This so-called disintermediation has sharply reduced the funds available for home mortgages, thus dealing the housing market a serious blow.

To prevent this from happening during this interest rate cycle, the FED earlier this year agreed to allow savings institutions to issue six-month floating savings certificates. These proved to be so successful that net inflows to savings institutions in July and August probably totaled between $5 billion and $6 billion.

And although mortgage rates have pierced 10 percent in some areas, this has not deterred home buyers who apparently are anticipating even higher home prices in the months and years ahead, and therefore are willing to pay the rates in order to be able to buy now.

"In these circumstances, the FED is faced with the problem of trying to slow down a demand-pull inflation in the housing sector without the kind of restraining effects usually provided by disintermidiation," economists William Griggs and Leonard Santow note in their latest analysis for the J. Henry Schroder Bank & Trust Co.

"This probably means that the FED will have to place a greater reliance on raising interest rates to restrain housing," they add.

In other words, the FED will have to tighten monetary policy that much more to achieve the same effects that would have been achieved without the savings certificaes, with perhaps greater pain for the rest of the economy.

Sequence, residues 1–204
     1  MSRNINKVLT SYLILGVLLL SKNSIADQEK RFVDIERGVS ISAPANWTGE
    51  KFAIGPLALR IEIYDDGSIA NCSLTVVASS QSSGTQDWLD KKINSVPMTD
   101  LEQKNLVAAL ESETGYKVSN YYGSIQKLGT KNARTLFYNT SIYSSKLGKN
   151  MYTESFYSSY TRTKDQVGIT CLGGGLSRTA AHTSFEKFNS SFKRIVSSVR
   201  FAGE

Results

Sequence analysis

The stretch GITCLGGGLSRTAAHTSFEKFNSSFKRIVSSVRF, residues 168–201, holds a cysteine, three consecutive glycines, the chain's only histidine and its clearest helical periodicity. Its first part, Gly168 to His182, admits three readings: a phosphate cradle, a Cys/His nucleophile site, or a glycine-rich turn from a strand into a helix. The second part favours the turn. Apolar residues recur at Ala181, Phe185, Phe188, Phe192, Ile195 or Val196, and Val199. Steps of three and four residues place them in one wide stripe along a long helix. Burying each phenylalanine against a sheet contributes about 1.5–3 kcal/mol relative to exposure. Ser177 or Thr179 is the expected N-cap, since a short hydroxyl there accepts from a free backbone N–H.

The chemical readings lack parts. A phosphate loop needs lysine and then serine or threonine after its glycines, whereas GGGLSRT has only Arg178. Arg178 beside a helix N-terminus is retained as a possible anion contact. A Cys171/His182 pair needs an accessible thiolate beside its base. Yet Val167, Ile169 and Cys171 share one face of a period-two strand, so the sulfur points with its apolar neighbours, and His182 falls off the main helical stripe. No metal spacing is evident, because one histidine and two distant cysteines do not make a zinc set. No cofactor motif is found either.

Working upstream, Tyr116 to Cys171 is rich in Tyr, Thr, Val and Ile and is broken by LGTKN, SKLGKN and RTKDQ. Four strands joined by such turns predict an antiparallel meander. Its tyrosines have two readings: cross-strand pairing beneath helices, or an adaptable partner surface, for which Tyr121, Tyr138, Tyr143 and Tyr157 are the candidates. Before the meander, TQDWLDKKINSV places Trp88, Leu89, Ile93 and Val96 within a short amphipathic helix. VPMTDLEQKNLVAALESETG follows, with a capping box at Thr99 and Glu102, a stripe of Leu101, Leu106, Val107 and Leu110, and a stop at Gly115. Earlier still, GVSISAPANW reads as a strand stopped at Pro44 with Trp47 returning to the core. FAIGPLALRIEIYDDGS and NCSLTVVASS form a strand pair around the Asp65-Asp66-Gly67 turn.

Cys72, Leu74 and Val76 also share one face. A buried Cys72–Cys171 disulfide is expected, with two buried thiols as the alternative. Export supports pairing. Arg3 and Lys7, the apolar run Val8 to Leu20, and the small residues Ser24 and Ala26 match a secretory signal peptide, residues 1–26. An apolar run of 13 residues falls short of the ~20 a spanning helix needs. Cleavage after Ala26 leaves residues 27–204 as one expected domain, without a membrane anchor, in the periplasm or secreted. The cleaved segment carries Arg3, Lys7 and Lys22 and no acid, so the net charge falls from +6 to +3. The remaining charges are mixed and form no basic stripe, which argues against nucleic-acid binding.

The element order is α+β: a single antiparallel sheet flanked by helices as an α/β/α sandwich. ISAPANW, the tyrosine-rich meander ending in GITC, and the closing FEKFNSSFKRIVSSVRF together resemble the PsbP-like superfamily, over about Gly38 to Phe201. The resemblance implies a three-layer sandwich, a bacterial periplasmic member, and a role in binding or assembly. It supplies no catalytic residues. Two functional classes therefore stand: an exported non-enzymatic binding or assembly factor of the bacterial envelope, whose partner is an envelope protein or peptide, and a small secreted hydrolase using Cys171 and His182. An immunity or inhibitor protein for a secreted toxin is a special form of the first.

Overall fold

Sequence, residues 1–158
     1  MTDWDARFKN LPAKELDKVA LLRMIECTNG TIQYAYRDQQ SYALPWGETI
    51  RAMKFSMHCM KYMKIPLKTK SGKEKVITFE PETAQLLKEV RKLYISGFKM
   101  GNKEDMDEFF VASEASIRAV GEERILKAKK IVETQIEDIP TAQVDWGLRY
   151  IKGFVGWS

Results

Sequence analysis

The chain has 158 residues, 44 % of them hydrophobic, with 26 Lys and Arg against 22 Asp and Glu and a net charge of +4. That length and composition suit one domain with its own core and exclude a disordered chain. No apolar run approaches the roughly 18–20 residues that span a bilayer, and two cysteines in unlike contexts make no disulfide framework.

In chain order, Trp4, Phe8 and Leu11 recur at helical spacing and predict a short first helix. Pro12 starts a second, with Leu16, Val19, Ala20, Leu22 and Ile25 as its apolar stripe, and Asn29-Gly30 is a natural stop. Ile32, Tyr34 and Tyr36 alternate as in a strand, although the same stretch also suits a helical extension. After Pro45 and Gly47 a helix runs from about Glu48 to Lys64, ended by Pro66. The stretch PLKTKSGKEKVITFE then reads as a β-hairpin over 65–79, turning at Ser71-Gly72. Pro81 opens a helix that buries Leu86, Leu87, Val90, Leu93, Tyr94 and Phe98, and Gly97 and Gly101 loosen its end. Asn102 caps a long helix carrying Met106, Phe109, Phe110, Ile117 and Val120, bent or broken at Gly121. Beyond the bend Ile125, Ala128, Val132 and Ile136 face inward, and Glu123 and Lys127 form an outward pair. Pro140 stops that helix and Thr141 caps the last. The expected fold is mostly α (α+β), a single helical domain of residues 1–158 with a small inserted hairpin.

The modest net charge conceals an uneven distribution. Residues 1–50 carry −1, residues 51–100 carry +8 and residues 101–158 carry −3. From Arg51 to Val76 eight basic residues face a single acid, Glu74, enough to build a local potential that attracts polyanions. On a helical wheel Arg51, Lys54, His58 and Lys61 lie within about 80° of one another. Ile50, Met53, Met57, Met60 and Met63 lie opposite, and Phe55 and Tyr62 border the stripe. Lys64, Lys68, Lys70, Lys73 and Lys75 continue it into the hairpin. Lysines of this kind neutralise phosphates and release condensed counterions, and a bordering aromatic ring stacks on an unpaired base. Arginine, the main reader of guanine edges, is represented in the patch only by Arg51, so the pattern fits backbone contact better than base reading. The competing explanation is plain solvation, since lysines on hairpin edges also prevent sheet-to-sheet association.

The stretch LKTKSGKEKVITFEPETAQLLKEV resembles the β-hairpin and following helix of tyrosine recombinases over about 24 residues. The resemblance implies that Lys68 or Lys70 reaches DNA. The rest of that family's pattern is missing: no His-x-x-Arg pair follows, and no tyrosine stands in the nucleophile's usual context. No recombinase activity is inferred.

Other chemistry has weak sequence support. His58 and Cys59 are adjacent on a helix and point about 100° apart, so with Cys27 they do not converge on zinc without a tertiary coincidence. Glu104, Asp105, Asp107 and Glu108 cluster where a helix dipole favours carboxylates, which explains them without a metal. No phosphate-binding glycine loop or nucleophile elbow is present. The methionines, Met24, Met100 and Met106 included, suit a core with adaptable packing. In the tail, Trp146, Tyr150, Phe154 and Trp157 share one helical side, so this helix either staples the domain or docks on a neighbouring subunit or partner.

Meanwhile, Federal Home Loan Bank Board Chairman Robert McKinney said yesterday that his agency, which regulates the savings institutions, "will do all in its power to counterbalance" the FED's continued increase in interest rates.

"I sincerely hope still further tightening by the FED won't be necessary, as it may well be at the risk of a housing collapse," said McKinney in an ususual statement directly challenging the country's central bank.

The Schroder economists point out that a large volume of the savings certificates that have been issued must be rolled over in the first quarter of next year, when rates may be considerably higher, and this could create a particularly difficult problem for the savings banks and their regulators.

The regulators could lower the minimum denomination of the certificates from $10,000 to $3,000 to lessen the refunding problems, but that would only buy time "and leave an even more difficult problem to be faced later, according to the analysis.

As a last resort, the S&L's and savings banks could borrow directly from the FHLBB, which then would have to go directly into the market to borrow a sizable volume of funds early next year, driving interest rates even higher.

So by pursuing a policy of higher interest rates while at the same time trying to mitigate their effects through gradual increases or the development of the six-month savings certificates, the monetary authorities may have set the stage for the kind of credit crunch and severe economic contraction that most forecasters said would not occur in this interest rate cycle.